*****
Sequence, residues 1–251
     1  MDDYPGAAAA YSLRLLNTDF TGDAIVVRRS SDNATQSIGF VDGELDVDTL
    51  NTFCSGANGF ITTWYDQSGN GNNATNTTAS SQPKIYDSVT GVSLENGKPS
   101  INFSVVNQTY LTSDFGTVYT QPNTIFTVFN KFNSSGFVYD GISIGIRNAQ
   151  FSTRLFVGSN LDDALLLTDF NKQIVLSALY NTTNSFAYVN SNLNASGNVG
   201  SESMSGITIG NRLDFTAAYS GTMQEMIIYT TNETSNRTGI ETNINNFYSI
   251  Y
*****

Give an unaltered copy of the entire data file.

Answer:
Sequence, residues 1–251
     1  MDDYPGAAAA YSLRLLNTDF TGDAIVVRRS SDNATQSIGF VDGELDVDTL
    51  NTFCSGANGF ITTWYDQSGN GNNATNTTAS SQPKIYDSVT GVSLENGKPS
   101  INFSVVNQTY LTSDFGTVYT QPNTIFTVFN KFNSSGFVYD GISIGIRNAQ
   151  FSTRLFVGSN LDDALLLTDF NKQIVLSALY NTTNSFAYVN SNLNASGNVG
   201  SESMSGITIG NRLDFTAAYS GTMQEMIIYT TNETSNRTGI ETNINNFYSI
   251  Y